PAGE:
Royce Da 5’9”: I’m definitely taking my time. I don’t always know what I want to do, but it’s pretty easy for me to look at what I don’t want to do, and rule that out. I just create and try not to think too much. The important thing for me was, when I did do the super personal thing, when it was about myself, to make sure that I really did it thoroughly. Did it in a way where people get it. And also, I’m presenting the people in my life in a respectful, positive way, but truthful, honest way. From there, it’s just taking in as much information as I can and just talking about the way that I see the world. Whatever inspires overrules.

You said that you ruled out what you didn’t want to do. What did you not want to do?

I don’t want to look like I’m an artist that’s doing this as some type of job. There’s nothing wrong with that; I just don’t want to do it. I’m not an employee of the people; I don’t make music for people. That’s not my job, that’s not what I’m here to do. I think some people can do that, but in my mind, that’s crazy. I express myself through the art as a coping mechanism most of the time. I look at it as putting paint on a canvas and hanging it up. You’re more than welcome to come by look at it, but if you don’t, that’s fine. And then when I’m leaving, I’m taking it home with me so I can look at it for memories. Whatever that feeling is, money won’t give me that feeling.

Between “Field Negro” and “Black Savage,” both songs have a more conscious, sociopolitical slant. People don’t associate that with you. 

I like “conscious” better than political. I think we separate those a little bit. I’m very conscious. I’m not very politically-inclined, but a lot of things that people associate as political are important to me. I don’t care who the president is. I don’t care about that type of sh*t. But I do care about the way that some of the things that happen on a higher level of government affect us in our community. So I’m very conscious of our people, and I’m very conscious of artists having a platform and understanding how important that is and understanding how important it is to be connected to us and how we need to take care of each other first. Then we’ll be able to take care of everybody. I’m conscious of that. But I’m not trying to run for senator in ten years. I don’t have any aspirations of being president or a political activist. But as I get older, the things that I say begin to get more important.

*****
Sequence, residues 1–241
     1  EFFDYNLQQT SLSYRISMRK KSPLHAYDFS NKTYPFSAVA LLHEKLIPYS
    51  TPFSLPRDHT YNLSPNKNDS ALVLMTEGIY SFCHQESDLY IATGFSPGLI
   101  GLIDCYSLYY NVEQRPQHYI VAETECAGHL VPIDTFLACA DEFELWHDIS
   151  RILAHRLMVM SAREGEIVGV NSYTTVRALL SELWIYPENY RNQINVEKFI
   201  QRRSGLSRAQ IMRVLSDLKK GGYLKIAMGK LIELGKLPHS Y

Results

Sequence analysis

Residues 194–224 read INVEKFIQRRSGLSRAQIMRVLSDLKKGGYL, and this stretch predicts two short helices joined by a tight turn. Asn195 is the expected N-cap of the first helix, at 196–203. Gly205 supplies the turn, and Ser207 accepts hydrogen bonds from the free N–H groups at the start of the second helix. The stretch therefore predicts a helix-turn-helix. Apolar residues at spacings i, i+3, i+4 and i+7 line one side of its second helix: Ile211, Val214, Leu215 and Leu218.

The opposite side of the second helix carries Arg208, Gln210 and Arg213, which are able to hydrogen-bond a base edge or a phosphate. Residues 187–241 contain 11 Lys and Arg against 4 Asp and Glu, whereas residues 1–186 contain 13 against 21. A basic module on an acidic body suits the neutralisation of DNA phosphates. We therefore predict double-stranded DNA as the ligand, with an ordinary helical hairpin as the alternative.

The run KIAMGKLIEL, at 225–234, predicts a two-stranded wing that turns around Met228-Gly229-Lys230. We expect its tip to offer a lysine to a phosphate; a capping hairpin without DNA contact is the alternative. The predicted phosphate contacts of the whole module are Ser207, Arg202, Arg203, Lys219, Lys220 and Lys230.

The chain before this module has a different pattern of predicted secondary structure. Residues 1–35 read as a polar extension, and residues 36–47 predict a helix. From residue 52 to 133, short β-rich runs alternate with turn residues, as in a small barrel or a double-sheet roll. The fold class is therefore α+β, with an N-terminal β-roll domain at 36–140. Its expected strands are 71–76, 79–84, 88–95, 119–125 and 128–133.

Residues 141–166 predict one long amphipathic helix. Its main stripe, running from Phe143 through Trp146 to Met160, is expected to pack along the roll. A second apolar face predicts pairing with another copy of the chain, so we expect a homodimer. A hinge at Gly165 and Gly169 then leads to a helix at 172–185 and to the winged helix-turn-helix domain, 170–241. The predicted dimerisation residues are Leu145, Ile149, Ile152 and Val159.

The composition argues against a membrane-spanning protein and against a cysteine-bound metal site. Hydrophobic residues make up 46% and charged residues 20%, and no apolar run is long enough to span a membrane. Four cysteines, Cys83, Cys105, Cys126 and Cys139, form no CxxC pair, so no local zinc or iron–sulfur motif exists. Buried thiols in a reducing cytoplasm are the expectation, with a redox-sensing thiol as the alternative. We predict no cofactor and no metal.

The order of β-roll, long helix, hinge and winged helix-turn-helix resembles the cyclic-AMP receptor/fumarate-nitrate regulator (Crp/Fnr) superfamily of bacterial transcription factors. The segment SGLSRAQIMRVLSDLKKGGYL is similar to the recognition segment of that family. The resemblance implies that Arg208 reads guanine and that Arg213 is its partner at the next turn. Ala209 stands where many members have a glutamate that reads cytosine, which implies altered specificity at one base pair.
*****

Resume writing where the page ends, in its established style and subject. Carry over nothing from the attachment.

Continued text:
A lot of artists have their feelings on issues like that, but they completely separate them from their music. What made you decide to integrate it into your music?